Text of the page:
openmosix - condor - openPBS - xgrid
                              This executable is compiled with condor as default

 -openPBSscript, os         : template for an openPBS script 
                              see the example that comes with the source code (script/openPBS.script)
                              overrules the environment variable below

 -condorscript, cs          : template for a condor submit file
                              see the example that comes with the source code (script/condor.script)
 -v                         : verbosity 0 1 2 3 - 1 default 

 Environment variables:
 GC_DOT_GATE_DIR  : indicates the .Gate directory for splitted mac files
 GC_GATE_EXE_DIR  : indicates the directory with the Gate executable
 GC_PBS_SCRIPT : the openPBS template script (!optionnal variable!)

 Usage (bash):
   export GC_DOT_GATE_DIR=/home/user/gatedir/
   export GC_GATE_EXE_DIR=/home/user/gatedir/bin/Linux-g++/

 Examples:
   gjs -numberofsplits 10 -clusterplatform openmosix macro.mac
   gjs -numberofsplits 10 -clusterplatform openmosix -a /somedir/rootfilename ROOT_FILE macro.mac
   gjs -numberofsplits 10 -clusterplatform openPBS -openPBSscript /somedir/script macro.mac
   gjs -numberofsplits 10 -clusterplatform xgrid macro.mac
   gjs -numberofsplits 10  /somedir/script macro.mac

The supported platforms are currently: openMosix, openPBS, Condor and Xgrid.

Let's take openMosix as an example:

 gjs -numberofsplits 5 -clusterplatform openmosix macro.mac  

The job splitter will subdivide the simulation macro into fully resolved, non-parameterized macros. In this case there are 5 such macros. They are located in the .Gate directory, as specified by the GC_DOT_GATE_DIR environment variable.

A list of all the data output options is given after successful completion, as well as a list of all activated actors. The user is asked to clearly enable each needed output module and to give them an output file name. It is the same for actors. Remember that by default, no output module nor actor is enabled.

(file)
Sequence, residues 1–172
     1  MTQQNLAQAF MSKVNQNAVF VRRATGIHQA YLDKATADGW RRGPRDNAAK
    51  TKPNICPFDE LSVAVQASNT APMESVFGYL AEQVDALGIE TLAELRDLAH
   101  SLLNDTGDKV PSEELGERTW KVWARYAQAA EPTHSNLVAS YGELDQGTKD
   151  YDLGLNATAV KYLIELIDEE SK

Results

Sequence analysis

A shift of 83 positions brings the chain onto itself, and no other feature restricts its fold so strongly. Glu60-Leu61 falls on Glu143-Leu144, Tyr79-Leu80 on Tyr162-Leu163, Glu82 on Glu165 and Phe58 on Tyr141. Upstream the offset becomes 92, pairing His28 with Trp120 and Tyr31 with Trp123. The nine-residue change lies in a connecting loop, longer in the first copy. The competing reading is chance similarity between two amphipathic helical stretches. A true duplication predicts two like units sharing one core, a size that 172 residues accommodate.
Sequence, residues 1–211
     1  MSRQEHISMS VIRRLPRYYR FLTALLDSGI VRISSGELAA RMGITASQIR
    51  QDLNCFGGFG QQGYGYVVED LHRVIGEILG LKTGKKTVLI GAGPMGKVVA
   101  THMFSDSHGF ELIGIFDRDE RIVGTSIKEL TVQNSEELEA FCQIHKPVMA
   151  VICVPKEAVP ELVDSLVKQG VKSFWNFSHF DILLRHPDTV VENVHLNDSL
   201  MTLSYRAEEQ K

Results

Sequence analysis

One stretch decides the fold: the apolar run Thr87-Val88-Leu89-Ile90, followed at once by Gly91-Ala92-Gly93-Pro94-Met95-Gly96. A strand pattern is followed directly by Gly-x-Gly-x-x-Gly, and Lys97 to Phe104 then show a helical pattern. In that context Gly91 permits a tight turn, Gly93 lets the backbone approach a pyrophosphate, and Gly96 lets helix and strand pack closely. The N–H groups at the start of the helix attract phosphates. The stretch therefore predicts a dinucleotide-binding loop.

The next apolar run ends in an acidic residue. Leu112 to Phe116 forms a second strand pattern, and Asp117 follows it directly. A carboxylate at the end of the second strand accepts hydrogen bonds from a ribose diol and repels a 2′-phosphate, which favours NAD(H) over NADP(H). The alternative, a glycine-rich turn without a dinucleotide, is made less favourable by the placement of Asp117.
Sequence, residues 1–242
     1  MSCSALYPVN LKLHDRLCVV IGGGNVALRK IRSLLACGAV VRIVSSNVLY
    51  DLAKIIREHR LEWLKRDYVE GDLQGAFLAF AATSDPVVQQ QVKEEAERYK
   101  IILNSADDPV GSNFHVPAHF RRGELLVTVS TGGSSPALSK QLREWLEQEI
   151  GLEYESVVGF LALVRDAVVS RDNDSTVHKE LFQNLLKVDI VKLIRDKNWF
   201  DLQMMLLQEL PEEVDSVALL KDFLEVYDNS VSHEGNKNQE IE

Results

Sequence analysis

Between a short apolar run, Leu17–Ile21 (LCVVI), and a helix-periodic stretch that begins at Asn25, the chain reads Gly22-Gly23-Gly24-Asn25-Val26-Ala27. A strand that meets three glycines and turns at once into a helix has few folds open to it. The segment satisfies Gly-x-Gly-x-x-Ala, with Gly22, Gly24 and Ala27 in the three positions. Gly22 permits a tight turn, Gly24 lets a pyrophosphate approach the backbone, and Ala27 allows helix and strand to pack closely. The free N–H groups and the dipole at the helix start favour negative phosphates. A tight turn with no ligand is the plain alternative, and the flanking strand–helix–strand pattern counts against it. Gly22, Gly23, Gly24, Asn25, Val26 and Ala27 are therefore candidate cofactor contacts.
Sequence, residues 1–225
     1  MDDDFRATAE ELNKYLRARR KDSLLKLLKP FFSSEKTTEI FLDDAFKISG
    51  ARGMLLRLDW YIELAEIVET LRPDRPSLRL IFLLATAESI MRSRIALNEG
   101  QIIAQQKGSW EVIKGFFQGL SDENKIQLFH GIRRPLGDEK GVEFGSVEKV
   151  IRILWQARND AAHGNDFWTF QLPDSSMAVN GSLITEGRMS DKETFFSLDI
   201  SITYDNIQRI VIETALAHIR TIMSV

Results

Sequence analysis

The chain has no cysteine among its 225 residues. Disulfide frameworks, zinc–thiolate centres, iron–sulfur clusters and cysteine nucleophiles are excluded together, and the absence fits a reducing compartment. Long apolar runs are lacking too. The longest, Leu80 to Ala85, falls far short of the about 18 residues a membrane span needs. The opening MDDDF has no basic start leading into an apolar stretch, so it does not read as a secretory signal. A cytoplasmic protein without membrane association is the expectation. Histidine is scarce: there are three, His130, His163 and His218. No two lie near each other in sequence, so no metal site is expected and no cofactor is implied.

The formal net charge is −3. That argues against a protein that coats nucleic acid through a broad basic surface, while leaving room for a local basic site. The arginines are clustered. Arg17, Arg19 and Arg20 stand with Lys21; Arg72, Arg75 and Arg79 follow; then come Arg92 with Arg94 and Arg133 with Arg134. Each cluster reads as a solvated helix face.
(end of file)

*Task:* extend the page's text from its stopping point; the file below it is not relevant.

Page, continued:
If an alias was expected for output files and it was not supplied, then this will be mentioned in the output options list. A standard name will be supplied automatically, as well as appropriate numbering.

The time of each sub-macro is manage using a virtual timeStart and a virtual timeStop calculated by the gjs and used by the command /gate/application/startDAQCluster. All defined runs and geometry updates will be totally respected. The only inconsistency in the use of gjs is when using the projection output: the virtualStop minus virtualStart time have to be a multiple of timeSlice, otherwise the GateToProjectionSet output will lead to an error.

The .Gate directory will have a subdirectory called as the macro name, that contains the following files:

macro1.mac 
macro2.mac 
macro3.mac 
macro4.mac 
macro5.mac 
macro.split  

The 5 macros are listed as well as well as the .split file that contains information about the splitted simulation and that will be used to merge the data after the simulation (using the gjm program). The current directory, from which the jobsplitter was called, now contains the cluster submit file. In order to run the split simulation on the cluster, one only needs to execute or call this file with a certain program (depending on the cluster platform used).

The .Gate directory supports automatic numbering. If the same macro is used repeatedly, then the subsequent directories will be numbered using an incremental number.

Using the file merger